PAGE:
Written by: Michael Den Boer on March 2nd, 2015
BluRay released: February 23rd, 2015
Approximate running times: 85 minutes
Aspect Ratio: 1.78:1 Widescreen / 1080 Progressive / MPEG-4 AVC
Rating: 18 (UK)
Sound: LPCM Stereo English
BluRay Release: 88 Films
Region Coding: Region Free
Retail Price: £19.99
If ever there was a film where the truth is in the advertisement, then that film would be Slaughterhouse.
Content wise, Slaughterhouse is a down and dirty horror film that keeps things basic. So when it comes to the characters which populate this film it should not comer as surprise that they lack depth and are prone to make bad choices. Fortunately by making these stereotypical characters one dimensional, this only further emboldens this film’s resident psychopath Buddy. Ironically when all is said and done Buddy is actually this film’s most likable character.
As mentioned before this film is upfront about what you are about to see. With this film’s other durable asset being its main location the derelict slaughterhouse. And not to be overlooked are this film’s kill sequences which are ultimately its bread and butter. Also when it comes to these kill sequences that are sufficiently gory.
Of course this film brightest shining star is Joe B. Barton (Blood Diner) in the role of Buddy. He is man of few words who often grunts his approval after slaughtering his latest victim. Another performance of note is Don Barrett (Hobgoblins) in the role of Buddy’s father. Also Barton and Barrett’s chemistry is key ingredient to why this odd Horror film works as well as it does.
Slaughterhouse comes on a 50 GB dual layer BluRay. The film is presented in a 1080 progressive widescreen. This release uses a Brand New 2K transfer of the full uncut version of the film that was overseen and approved by director Rick Roessler. This film was shot on very limited resources and according to the director who discusses in the extras that they did not use any lamps to light scenes, since they could not afford them. Also this is a film that was meant to look rough around the edges and this transfer does a superb job retaining this film’s greatest assets it griminess. There is some mild color fluctuation, black levels are serviceable and details generally look crisp, with most of the darker moments lacking the same level of clarity present during daytime sequences. Also there are some mild instances of print debris and grain structure varies in degree throughout, with a few scenes where grain looks very thick and there are no issues with DNR or compression. Needless to say that this is easily the best this film has ever looked on home video.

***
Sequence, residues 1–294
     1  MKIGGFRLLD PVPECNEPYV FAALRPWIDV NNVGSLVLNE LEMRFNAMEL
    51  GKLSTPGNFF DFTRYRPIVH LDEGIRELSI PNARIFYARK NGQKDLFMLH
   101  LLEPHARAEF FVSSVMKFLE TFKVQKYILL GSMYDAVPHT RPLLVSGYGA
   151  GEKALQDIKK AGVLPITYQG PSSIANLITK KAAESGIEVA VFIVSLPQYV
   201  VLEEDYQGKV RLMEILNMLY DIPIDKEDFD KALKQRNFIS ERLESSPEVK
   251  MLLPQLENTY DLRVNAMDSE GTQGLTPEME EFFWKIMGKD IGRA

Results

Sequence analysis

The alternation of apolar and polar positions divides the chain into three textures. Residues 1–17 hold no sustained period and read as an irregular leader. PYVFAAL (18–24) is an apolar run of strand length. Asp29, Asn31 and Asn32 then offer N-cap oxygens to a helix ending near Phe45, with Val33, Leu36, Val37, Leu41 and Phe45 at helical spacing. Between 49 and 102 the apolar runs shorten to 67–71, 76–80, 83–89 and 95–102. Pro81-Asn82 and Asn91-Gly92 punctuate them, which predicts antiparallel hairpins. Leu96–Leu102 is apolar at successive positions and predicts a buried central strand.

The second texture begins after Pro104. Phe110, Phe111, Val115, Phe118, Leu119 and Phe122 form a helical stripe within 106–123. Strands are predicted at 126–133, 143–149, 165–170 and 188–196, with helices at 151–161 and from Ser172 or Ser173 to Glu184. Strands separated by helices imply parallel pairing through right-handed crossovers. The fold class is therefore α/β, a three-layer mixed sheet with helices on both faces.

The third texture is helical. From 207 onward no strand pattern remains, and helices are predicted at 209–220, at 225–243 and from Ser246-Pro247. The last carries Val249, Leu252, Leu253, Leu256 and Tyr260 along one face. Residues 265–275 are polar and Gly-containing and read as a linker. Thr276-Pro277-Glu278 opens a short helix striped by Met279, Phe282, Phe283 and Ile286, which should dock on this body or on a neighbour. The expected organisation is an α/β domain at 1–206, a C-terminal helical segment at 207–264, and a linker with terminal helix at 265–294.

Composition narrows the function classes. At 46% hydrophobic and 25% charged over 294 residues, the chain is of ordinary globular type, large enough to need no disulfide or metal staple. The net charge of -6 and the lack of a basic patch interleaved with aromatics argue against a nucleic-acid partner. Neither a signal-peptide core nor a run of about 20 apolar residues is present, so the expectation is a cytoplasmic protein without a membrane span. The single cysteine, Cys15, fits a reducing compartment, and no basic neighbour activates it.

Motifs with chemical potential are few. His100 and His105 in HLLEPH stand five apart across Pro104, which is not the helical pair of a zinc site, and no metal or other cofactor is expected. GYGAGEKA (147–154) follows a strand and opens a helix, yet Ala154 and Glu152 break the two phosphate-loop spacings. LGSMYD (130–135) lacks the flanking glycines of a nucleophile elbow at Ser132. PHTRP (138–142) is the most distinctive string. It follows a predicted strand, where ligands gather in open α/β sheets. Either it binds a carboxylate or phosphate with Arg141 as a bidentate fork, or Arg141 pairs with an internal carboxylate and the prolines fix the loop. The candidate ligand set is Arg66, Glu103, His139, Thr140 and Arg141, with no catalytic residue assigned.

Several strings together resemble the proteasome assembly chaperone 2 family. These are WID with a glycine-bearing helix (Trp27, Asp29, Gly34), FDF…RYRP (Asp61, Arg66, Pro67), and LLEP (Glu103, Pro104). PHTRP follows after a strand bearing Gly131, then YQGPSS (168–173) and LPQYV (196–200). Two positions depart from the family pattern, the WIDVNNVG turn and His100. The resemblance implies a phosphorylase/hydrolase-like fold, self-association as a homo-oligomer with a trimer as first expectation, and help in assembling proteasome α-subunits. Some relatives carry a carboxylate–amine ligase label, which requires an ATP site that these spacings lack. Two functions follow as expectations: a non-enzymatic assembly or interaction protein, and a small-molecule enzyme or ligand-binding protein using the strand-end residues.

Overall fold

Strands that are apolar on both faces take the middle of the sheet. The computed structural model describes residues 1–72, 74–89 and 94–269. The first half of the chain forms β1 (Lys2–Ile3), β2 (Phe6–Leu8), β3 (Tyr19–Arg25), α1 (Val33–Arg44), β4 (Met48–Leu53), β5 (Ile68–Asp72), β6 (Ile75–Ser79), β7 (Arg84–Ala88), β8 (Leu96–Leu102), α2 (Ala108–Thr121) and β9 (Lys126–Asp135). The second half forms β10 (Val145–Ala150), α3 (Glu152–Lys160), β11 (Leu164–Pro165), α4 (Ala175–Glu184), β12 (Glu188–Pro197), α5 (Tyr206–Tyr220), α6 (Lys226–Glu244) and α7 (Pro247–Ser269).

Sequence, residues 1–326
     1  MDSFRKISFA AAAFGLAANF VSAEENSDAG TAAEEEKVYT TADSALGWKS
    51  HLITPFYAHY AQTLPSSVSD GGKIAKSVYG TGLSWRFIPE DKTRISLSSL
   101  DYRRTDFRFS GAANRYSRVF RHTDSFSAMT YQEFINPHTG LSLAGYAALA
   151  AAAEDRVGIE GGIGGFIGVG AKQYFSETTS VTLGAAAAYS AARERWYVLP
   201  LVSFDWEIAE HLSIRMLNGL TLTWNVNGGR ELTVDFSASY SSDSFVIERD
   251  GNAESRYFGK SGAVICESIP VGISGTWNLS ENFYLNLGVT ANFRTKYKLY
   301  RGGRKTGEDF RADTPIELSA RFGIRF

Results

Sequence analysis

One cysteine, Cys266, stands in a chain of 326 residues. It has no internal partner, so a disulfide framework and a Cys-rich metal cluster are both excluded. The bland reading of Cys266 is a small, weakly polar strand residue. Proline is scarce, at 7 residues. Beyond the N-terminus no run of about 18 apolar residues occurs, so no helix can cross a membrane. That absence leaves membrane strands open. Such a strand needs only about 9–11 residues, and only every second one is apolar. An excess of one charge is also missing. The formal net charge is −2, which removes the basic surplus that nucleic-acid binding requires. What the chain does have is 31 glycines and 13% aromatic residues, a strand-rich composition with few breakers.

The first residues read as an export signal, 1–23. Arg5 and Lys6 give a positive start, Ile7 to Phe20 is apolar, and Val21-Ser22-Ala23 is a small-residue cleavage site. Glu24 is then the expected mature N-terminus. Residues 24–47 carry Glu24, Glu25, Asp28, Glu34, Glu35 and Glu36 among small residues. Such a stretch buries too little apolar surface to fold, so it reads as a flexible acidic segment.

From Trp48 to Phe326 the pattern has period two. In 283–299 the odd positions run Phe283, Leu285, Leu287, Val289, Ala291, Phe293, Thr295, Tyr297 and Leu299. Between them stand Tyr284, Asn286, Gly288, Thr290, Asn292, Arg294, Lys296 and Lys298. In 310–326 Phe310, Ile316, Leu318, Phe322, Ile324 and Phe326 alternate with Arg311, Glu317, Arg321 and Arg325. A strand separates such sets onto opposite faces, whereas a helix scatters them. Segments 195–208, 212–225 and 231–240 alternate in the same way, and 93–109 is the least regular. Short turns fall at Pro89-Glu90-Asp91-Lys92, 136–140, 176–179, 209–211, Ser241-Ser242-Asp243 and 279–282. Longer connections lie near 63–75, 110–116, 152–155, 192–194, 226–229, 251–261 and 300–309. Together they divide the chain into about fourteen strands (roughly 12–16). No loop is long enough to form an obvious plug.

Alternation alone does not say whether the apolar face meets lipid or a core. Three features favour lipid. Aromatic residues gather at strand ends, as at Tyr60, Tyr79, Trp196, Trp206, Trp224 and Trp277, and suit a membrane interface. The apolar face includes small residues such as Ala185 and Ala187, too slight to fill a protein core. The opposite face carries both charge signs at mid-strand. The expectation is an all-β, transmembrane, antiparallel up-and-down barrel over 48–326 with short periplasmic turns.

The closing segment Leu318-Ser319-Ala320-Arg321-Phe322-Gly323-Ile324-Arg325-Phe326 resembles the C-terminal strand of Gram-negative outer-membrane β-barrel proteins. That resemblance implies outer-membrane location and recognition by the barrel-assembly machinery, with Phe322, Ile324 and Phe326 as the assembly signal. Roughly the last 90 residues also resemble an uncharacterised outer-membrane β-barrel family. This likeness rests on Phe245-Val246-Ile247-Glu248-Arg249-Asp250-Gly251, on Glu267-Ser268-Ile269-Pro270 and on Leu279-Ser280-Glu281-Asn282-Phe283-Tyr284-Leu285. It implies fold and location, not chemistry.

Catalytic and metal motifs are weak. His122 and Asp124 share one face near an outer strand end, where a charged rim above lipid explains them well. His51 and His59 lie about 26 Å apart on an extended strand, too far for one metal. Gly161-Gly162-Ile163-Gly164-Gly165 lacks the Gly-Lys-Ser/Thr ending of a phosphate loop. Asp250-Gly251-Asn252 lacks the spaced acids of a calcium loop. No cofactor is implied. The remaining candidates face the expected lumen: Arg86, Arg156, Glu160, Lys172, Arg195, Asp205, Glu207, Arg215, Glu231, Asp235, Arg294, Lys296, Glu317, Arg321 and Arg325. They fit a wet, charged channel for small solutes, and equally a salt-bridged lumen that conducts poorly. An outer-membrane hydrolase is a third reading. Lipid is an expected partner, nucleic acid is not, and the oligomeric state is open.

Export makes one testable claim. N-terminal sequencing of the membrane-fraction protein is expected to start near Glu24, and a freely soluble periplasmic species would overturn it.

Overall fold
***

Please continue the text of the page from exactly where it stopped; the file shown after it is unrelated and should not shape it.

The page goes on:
This release comes with one audio option, a LPCM stereo mix in English. There are a few mild instances of background hiss, fortunately nothing that is ever to intrusive. Dialog comes through clearly and everything sounds balanced. Range wise this is a film that is never going to blow you away and with that being said the ambient aspects of the soundtrack are well handled.
Extras for this release include, a trailer for the film (2 minutes 4 seconds), T.V. spots (2 minutes 3 seconds), raw On-set Footage (10 minutes 59 seconds), Buddy Meets the Public Classic Featurette (25 minutes 13 seconds), interviews with screenwriter / director Rick Roessler (15 minutes 11 seconds) and producer Jerry Encoe (10 minutes 34 seconds) and an audio commentary with Rick Roessler and Jerry Encoe.
Topics discussed in the interview with Rick Roessler include, the origins of Slaughterhouse and its various screenplay drafts, creating the buddy character, working with producer Jerry Encoe, the difficulty trying to cast for the role of Buddy, casting Joe B. Barton in the role of Buddy and how he discovered him, Barton’s portrayal of Buddy, locations used in the film, promoting the film, how the investors approached him to make another horror film and his thoughts on the film.
Topics discussed in the interview with Jerry Encoe include, collaborating with Rick Roessler, how they raised financing for the film, working on a limited budget and how they were able to maximize their resources, the long shooting days and how there were 21 shooting days, postproduction and obstacles that they overcame to complete the film, how the film theatrically release was limited to only a few cities, a success home video release for the film and his thoughts on the film.
Topics discussed in the audio commentary include, locations, the cast, the look of the film and equipment used to make the film, special effects, the ins and outs of low budget filmmaking, how there is a completed screenplay for a sequel and they often describing what is happening onscreen.
Rounding out the extras is a reversible cover art option, a collectable booklet and the 88 Films trailer reel – Puppet Master, The Pit and the Pendulum, Demonic Toys, Bloody Birthday, Two Moon Junction, Dollman, Bloodsucking Freaks, Puppet Master II, Puppet Master III, Tourist Trap and Castle Freak. Overall Slaughterhouse gets a definitive release from 88 Films.